When her father unexpectedly dies, young Ella finds herself at the mercy of her cruel stepmother and her scheming stepsisters. Never one to give up hope, Ella's fortunes begin to change after meeting a dashing stranger.
When the newly-crowned Queen Elsa accidentally uses her power to turn things into ice to curse her home in infinite winter, her sister Anna teams up with a mountain man, his playful reindeer, and a snowman to change the weather condition.
The magically long-haired Rapunzel has spent her entire life in a tower, but now that a runaway thief has stumbled upon her, she is about to discover the world for the first time, and who she really is.
Determined to make her own path in life, Princess Merida defies a custom that brings chaos to her kingdom. Granted one wish, Merida must rely on her bravery and her archery skills to undo a beastly curse.
A girl named Ella (Cinderella) has the purest heart living in a cruel world filled with evil stepsisters and an evil stepmother out to ruin Ella's life. Ella becomes one with her pure heart when she meets the Prince and dances her way to a better life with glass shoes, and a little help from her fairy godmother, of course.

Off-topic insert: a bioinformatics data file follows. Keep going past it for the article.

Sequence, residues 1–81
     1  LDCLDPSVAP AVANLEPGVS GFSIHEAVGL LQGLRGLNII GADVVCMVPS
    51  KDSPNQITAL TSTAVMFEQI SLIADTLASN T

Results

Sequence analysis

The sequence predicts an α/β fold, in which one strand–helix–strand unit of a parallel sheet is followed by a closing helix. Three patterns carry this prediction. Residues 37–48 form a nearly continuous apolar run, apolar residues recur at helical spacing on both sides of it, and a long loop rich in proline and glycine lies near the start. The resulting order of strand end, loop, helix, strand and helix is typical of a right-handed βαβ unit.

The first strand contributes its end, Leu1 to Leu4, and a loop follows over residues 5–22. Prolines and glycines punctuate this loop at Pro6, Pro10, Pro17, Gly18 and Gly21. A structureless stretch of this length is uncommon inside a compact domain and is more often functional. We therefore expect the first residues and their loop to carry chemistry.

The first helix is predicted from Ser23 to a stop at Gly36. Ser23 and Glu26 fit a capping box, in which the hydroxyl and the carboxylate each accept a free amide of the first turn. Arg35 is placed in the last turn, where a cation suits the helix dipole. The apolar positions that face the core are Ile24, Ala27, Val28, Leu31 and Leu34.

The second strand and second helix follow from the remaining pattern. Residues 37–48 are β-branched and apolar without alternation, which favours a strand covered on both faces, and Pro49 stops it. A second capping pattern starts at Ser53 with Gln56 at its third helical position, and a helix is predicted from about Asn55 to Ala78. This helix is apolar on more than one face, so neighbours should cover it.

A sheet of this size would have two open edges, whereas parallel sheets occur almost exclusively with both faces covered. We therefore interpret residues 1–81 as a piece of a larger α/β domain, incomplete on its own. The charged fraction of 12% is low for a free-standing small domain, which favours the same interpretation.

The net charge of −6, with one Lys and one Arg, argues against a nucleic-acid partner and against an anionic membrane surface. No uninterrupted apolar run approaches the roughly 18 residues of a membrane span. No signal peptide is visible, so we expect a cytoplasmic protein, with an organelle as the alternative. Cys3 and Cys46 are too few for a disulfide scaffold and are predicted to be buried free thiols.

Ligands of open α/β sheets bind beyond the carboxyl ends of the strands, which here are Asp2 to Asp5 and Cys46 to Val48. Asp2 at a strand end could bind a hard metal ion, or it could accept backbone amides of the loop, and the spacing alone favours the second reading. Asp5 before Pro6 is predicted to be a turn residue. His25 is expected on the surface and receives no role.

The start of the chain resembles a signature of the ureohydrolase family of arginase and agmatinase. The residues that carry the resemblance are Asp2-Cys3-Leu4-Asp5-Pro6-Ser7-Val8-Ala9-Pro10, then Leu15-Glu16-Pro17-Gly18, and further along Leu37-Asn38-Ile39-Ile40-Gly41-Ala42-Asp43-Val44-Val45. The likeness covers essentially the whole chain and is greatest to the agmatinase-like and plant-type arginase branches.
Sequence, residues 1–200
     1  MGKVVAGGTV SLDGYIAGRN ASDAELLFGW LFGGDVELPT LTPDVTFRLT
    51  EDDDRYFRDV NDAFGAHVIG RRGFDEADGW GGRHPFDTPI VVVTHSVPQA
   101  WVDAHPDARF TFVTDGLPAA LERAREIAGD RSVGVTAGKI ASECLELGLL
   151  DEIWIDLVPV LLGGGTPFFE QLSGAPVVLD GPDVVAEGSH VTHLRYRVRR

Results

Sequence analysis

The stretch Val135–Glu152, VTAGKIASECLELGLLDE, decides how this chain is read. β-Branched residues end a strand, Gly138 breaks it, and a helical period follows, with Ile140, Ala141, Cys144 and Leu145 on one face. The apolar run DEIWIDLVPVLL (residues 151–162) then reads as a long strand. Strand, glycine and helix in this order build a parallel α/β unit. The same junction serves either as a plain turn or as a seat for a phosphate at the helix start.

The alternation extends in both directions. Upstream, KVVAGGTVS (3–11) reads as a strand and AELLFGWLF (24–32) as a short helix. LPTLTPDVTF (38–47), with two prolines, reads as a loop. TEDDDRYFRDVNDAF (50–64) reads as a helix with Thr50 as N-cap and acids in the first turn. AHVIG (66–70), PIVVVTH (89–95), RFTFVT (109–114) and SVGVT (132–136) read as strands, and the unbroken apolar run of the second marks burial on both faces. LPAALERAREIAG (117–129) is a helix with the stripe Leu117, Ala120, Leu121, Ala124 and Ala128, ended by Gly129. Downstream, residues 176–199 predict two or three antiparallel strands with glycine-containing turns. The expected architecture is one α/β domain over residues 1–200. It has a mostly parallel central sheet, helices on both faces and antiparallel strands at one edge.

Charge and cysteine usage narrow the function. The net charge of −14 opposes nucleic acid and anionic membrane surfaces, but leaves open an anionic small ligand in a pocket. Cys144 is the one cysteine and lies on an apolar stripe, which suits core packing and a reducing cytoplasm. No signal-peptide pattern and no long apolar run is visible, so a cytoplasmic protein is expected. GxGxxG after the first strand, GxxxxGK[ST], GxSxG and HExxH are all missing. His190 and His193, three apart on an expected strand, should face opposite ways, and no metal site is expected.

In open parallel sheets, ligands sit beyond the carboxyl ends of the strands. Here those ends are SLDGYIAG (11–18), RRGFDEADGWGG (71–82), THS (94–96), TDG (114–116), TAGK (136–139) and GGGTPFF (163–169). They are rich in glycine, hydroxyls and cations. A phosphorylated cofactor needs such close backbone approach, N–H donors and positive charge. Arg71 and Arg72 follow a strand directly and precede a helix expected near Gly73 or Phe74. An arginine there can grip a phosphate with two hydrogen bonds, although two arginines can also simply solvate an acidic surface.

The song to which Ella and Kit dance for the first time shares a similarity with "Once Upon A Dream" from Sleeping Beauty (1959). The first few notes of each refrain match nearly exactly. See more »
In seeking an object to turn into a coach, the fairy godmother says she "doesn't usually work with squashes...too mushy", but she had just asked Cinderella if she had a beef tomato, which is much more delicate than a pumpkin. See more »
After the Fairy Godmother sings "Bibbidi-Bobbidi-Boo (The Magic Song)" in the last part of the end credits, she asks "Oh, where did everybody go?" right before the closing Disney logo appears. See more »
A beautiful retelling of a timeless story for the new generation!
Overview: The story of Cinderella can be traced back to early Egypt, China, France, Germany and many other countries from around the world. The most well-known versions were written by Charles Perrault, Cendrillon, and by the Brothers Grimm, Aschenputtel. There have been countless film, television and stage adaptations of the iconic story, but the most well-known adaptation is Walt Disney's 1950 animated film.